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Why fruit and vegetables should be part of your hormone balancing plan

Fruit and vegetables come packed with a range of vitamins, minerals, antioxidants and phytochemicals that support our health. A high fruit and vegetable intake is associated with a reduced risk of cancer, heart disease and stroke to name just a few. But here is why fruits and vegetables are also important in dealing with any hormonal issues.

  • Fruits and vegetables contribute to our daily fibre intake – this helps to reduce constipation and also feeds our good gut bacteria, both of which are important for balancing oestrogen levels, particularly in those with endometriosis, fibroids or PMS (see previous blog).
  • The antioxidants in fruits and vegetables reduce levels of inflammation in the body -particularly important in conditions such and endometriosis and fibroids where inflammation levels are high.
  • A high antioxidant intake has also been shown to reduce the incidence of hot flushes that women going through the menopause transition may experience.
  • Green vegetables in particular are high in B vitamins and magnesium which are useful for boosting energy levels and reducing stress – something that often goes alongside hormonal conditions.
  • Cruciferous vegetables or brassicas really are the powerhouse of vegetables when it comes to hormone balance. As well as being anti-inflammatory, brassicas also support the liver in its detoxification processes which are important for hormone balance. They also contain a compound called diindolymethane which helps convert oestrogen into a safer form which is less likely to cause hormonal problems.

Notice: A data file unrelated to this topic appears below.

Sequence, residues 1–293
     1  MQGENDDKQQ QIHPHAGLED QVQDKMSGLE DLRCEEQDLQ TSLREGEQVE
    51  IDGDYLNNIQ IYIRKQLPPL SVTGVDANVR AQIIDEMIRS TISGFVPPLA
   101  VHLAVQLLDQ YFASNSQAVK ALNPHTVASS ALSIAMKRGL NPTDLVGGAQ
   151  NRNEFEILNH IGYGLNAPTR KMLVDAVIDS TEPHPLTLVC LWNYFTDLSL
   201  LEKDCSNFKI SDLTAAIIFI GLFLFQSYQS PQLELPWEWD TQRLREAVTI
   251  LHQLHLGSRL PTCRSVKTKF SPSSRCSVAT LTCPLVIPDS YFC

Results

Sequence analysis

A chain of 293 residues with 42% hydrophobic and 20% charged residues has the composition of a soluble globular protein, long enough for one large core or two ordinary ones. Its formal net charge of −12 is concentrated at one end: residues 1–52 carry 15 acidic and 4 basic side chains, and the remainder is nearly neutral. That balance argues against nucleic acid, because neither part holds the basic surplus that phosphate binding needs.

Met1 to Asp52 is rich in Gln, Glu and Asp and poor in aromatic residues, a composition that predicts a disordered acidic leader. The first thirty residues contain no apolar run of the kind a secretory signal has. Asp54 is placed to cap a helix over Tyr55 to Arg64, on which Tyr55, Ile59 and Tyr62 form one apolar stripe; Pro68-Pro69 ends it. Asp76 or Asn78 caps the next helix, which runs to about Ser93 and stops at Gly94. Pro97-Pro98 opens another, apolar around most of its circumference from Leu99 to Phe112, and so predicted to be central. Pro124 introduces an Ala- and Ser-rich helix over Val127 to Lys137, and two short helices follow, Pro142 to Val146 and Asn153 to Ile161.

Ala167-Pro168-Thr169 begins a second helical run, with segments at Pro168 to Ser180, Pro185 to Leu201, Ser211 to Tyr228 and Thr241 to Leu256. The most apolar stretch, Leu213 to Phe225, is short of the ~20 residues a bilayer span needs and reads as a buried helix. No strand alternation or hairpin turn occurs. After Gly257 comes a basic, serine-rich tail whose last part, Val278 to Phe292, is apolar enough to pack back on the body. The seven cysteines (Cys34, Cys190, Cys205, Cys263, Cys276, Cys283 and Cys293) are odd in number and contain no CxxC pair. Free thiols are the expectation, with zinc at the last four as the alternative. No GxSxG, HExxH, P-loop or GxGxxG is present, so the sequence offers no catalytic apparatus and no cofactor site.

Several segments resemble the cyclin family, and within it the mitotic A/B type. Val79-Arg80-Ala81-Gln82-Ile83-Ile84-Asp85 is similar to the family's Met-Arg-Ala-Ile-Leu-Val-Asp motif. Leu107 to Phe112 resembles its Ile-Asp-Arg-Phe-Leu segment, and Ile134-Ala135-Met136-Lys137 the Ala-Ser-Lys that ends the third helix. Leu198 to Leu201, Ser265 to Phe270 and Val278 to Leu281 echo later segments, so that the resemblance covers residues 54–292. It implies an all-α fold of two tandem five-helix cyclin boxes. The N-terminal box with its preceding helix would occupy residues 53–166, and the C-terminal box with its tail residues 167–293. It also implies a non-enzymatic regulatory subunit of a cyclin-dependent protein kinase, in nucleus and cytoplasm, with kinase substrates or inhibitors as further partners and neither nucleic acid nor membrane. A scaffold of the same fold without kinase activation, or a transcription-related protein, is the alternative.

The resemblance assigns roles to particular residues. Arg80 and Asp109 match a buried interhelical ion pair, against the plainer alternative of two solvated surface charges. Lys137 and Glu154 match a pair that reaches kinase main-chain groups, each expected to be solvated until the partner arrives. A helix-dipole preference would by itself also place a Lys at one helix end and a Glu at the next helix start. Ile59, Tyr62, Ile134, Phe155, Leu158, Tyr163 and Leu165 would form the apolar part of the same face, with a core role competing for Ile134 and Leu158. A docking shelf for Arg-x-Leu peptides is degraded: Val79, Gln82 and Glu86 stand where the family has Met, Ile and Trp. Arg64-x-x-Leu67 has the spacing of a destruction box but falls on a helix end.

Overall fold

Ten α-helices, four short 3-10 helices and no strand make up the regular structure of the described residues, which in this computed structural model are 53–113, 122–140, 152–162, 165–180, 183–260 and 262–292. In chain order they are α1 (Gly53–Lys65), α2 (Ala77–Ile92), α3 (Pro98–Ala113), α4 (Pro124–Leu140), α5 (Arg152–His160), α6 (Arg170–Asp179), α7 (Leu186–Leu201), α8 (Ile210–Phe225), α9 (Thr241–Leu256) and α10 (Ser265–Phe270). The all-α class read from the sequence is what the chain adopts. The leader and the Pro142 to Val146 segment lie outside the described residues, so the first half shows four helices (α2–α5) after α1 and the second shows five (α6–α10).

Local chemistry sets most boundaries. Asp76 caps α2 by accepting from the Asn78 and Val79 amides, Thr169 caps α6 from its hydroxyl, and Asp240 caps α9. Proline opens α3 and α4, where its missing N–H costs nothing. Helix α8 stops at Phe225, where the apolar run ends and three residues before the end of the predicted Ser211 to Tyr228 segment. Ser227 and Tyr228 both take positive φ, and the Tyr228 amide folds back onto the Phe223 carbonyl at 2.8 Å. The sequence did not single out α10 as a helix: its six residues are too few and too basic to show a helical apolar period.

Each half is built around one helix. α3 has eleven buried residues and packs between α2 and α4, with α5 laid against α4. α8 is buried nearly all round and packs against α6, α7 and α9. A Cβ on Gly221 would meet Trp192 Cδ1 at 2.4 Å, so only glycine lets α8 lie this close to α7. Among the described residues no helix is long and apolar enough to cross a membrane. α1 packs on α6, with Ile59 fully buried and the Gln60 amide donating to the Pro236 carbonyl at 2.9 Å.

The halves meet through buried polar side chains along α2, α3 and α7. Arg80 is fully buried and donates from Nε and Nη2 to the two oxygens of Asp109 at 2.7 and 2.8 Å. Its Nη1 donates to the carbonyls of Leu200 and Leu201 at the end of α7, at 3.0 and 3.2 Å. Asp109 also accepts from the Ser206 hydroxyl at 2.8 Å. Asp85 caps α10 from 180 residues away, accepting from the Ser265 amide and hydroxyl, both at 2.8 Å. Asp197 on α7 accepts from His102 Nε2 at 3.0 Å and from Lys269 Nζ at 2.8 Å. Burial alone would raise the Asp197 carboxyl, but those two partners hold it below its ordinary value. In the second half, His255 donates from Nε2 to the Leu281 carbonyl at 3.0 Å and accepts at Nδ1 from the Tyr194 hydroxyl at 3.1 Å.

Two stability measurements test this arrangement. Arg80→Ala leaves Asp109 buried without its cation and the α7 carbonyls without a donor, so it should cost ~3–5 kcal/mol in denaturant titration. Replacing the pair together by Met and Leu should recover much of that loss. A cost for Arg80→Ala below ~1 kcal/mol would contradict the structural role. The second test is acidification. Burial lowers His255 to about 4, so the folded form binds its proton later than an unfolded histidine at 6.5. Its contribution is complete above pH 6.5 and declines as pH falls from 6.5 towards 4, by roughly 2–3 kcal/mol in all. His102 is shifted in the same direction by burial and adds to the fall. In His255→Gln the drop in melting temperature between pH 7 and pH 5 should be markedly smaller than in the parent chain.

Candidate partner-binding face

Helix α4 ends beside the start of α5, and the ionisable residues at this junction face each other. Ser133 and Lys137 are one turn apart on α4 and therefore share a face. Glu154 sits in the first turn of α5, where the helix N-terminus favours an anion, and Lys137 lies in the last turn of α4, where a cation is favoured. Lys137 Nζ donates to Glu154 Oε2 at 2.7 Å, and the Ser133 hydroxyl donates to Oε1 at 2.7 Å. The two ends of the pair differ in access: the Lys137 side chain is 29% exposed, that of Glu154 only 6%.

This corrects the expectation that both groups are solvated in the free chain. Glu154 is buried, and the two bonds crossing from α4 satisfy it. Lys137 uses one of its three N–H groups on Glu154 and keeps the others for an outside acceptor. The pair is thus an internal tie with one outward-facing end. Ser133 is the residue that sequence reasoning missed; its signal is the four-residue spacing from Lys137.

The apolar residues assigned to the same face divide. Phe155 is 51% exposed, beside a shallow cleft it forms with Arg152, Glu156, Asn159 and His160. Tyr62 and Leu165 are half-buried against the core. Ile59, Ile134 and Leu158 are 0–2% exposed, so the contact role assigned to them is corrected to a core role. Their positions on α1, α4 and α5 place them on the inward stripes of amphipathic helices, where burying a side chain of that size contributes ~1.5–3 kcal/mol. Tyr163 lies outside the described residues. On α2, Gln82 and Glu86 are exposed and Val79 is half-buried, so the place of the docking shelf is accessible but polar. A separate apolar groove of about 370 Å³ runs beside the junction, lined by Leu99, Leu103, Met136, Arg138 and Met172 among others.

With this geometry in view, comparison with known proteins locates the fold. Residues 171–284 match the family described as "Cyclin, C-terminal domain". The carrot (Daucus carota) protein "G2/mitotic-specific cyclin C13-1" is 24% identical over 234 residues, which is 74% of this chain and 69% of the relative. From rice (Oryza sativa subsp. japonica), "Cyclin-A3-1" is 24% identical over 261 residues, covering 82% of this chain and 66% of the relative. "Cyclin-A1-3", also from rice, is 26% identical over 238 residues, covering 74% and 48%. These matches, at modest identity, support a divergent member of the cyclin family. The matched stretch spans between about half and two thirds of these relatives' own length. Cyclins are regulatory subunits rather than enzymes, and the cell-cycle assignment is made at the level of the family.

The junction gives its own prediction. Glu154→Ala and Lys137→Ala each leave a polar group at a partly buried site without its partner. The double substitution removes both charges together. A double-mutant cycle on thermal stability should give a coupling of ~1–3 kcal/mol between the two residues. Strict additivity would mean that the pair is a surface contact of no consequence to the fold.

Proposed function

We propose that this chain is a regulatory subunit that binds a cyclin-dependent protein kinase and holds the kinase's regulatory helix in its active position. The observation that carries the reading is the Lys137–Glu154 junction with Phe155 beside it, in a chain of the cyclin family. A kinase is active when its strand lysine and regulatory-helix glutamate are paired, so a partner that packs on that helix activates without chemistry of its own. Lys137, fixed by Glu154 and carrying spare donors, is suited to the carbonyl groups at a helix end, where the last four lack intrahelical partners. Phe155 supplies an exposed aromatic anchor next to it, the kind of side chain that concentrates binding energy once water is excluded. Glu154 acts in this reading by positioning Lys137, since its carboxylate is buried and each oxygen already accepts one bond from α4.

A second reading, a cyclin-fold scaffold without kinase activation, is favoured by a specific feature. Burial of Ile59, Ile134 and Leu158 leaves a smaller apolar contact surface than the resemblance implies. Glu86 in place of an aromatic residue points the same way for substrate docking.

There are such a range of cruciferous vegetables, that there are bound to be some that you like. Cabbage, broccoli, kale, brussel sprouts and cauliflower are the ones that are well known. However, these vegetables can also cause bloating in some people, particularly those with endometriosis. There are plenty of alternative cruciferous vegetables though that are also worth trying. Rocket, watercress, radish, turnips, collard greens, swede, bok choy and mustard greens are all on the list too.

For anyone with hormonal imbalances, it really is worth getting cruciferous vegetables into your daily diet.

Look out for my next blog on ways to incorporate more vegetables into your diet.  

Content Disclaimer

The information contained above is provided for information purposes only. The contents of this blog  are not intended to amount to advice and you should not rely on any of the contents of this blog. Professional advice should be obtained before taking or refraining from taking any action as a result of the contents of this blog. Emma Belton Nutrition disclaims all liability and responsibility arising from any reliance placed on any of the contents of this blog.

References

Bina, F. Soleymani, S. Toliat, T. et al. (2019). ‘Plant-derived medicines for treatment of endometriosis: a comprehensive review of molecular mechanisms’, Pharmacological research, 139, pp.76-90.

Halpern, G. Schor, E. Kopelman, A. (2015). ‘Nutritional aspects related to endometriosis’, Revista da Associação Médica Brasileira, 61(6), pp.519-523.

Huijs, E. & Nap, A. W. (2020). ‘The effects of nutrients on symptoms in women with endometriosis: a systematic review’, Reproductive BioMedicine Online.

Hyman, M. A. (2007). ‘The life cycles of women: Restoring balance’, Alternative therapies in health and medicine, 13(3), pp.10-17.

Laschke, M. W. & Menger, M. D. (2016). ‘The gut microbiota: a puppet master in the pathogenesis of endometriosis?’, American journal of obstetrics and gynecology, 215(1), pp.68-71.

Michnovicz, J. J. Adlercreutz, H. Bradlow, H. L. (1997). ‘Changes in levels of urinary estrogen metabolites after oral indole-3-carbinol treatment in humans’, Journal of the National Cancer Institute, 89(10), pp.718-723.

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